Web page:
The Obama Administration's U.S. Department of Agriculture is imposing a $.15 tax on each Christmas tree to fund Christmas tree promotion and marketing because, according to the U.S. Department of Agriculture Task Force:
"[Money for] a national research and promotion program for Christmas trees would help the industry to address the many market problems it currently faces.
According to the Task Force, two main factors currently affecting Christmas tree sales, both in the domestic market and abroad, are increased competition and changing consumer habits.
According to additional data supplied by the Task Force, the market share of fresh Christmas trees in the U.S. from 1965 to 2008 has declined by 6 percent.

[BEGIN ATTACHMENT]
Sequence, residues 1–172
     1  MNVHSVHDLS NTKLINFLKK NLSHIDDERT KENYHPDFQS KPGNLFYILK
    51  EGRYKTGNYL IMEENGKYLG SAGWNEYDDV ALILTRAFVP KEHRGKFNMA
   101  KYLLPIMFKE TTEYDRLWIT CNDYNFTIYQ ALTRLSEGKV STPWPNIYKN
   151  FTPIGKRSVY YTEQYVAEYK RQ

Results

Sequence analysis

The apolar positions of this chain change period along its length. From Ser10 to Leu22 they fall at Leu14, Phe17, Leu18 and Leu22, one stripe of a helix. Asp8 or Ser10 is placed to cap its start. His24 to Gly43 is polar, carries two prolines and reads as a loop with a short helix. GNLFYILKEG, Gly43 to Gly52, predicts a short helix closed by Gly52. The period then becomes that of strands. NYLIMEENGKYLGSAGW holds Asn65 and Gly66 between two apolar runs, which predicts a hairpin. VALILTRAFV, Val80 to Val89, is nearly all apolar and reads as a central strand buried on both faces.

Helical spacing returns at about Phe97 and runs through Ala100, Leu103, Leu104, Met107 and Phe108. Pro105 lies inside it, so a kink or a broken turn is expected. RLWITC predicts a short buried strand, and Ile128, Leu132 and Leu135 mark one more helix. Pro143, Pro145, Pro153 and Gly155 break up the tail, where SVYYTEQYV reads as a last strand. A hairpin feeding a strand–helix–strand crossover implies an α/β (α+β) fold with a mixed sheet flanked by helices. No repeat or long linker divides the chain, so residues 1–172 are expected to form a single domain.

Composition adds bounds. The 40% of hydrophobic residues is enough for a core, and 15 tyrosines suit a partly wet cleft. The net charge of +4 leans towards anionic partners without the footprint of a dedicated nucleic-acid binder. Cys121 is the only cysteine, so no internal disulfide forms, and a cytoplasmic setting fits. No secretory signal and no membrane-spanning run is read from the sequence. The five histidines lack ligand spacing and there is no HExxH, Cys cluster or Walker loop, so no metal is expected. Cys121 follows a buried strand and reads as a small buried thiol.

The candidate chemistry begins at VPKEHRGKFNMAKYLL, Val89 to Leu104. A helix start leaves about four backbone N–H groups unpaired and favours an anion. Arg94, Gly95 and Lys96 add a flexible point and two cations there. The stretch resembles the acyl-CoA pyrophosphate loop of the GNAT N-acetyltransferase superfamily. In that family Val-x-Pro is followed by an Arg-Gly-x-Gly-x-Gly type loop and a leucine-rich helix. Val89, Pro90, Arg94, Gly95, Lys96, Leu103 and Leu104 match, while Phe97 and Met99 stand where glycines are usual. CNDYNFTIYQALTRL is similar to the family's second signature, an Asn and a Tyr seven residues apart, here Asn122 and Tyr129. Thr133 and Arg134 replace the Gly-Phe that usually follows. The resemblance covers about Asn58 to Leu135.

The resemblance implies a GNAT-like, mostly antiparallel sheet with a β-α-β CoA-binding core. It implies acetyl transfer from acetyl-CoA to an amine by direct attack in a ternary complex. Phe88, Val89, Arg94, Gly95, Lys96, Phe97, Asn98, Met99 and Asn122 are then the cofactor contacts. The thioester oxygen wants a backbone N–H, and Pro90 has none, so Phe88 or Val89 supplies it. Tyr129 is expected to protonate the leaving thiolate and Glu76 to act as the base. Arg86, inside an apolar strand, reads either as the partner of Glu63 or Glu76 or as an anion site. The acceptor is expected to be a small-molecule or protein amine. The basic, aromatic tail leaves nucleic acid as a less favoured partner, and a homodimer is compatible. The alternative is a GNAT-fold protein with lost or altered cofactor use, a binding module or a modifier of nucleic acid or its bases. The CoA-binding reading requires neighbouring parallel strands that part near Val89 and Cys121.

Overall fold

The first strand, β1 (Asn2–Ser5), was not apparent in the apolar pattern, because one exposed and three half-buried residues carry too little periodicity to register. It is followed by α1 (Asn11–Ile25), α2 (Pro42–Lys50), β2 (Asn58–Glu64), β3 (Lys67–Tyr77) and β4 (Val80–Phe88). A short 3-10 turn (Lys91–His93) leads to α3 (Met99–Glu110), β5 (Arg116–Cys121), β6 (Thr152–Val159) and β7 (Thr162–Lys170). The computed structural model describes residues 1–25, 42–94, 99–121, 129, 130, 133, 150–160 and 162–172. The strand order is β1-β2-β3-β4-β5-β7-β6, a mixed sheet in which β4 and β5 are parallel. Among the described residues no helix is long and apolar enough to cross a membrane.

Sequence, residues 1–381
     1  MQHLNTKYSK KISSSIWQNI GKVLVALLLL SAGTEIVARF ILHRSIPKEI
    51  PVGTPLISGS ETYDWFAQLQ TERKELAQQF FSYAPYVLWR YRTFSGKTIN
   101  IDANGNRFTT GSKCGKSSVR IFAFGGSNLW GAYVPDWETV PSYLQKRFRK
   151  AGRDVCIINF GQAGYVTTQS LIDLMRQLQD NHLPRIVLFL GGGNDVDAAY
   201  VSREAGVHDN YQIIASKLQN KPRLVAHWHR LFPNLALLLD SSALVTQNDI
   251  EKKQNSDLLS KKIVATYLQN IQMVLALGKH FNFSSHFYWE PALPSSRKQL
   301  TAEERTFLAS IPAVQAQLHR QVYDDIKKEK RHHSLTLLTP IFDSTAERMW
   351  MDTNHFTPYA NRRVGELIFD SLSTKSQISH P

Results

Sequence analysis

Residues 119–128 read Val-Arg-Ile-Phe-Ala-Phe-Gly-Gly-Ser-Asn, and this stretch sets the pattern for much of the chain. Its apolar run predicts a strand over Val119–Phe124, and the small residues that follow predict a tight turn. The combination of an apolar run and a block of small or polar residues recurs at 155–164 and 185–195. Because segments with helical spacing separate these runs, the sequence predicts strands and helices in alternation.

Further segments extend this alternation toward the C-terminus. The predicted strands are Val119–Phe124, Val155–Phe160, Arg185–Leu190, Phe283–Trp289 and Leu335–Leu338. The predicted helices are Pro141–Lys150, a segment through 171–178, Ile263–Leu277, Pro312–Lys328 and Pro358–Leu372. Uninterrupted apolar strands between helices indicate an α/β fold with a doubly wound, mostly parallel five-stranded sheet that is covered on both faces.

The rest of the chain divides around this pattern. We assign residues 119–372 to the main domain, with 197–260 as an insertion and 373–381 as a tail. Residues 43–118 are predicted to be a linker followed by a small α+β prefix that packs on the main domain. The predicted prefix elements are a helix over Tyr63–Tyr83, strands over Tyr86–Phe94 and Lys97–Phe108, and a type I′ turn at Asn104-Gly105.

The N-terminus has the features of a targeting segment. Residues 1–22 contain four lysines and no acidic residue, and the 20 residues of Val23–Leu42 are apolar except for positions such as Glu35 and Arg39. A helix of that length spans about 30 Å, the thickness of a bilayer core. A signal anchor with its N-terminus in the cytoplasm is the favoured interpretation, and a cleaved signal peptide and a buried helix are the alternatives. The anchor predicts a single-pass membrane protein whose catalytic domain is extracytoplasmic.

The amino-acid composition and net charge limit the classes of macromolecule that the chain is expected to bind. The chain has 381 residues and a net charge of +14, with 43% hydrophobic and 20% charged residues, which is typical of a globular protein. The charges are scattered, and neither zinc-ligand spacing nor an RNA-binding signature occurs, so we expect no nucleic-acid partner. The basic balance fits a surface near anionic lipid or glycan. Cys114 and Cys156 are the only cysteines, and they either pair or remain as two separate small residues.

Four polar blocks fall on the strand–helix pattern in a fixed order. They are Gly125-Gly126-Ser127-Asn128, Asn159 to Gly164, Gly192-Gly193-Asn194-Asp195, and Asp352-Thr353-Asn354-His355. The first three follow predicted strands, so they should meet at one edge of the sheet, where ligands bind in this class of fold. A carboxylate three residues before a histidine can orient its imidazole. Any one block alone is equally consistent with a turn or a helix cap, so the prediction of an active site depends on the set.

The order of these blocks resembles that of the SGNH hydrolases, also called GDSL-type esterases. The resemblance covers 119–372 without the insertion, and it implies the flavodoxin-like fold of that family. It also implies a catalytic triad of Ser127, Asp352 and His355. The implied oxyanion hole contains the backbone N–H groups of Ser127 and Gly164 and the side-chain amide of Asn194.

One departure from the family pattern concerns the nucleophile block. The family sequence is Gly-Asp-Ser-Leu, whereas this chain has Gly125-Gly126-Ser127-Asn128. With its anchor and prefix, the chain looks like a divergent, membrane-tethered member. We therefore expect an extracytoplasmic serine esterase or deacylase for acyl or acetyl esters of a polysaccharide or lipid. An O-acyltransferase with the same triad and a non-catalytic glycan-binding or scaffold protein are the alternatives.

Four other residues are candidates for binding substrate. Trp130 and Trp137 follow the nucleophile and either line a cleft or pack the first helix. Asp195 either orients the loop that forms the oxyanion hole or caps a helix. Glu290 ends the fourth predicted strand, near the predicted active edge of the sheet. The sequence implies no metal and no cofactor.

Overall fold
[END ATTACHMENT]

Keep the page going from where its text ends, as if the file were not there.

In comparison, the market share of artificial trees has increased 655 percent from 1965 to 2008.
According to the proponent data, sales of fresh cut Christmas trees decreased by 15 million trees from 37 million trees sold in 1991 down to 22 million trees sold in 2002.
The industry saw an increase in sales in 2003 through 2007 when the industry conducted a voluntary marketing campaign which was lead by a small group of producers and retailers.
This voluntary marketing campaign saw sales rebound by 9 million trees—from 22 million trees sold in 2002 to 31 million trees sold in 2007. Even with the strong sales response to the marketing efforts, the voluntary marketing program suffered from a lack of funding."
The tax would be imposed on domestic or imported shipments of 500 or more Christmas trees, so smaller operations would not have to pay the 15 cent tax per tree.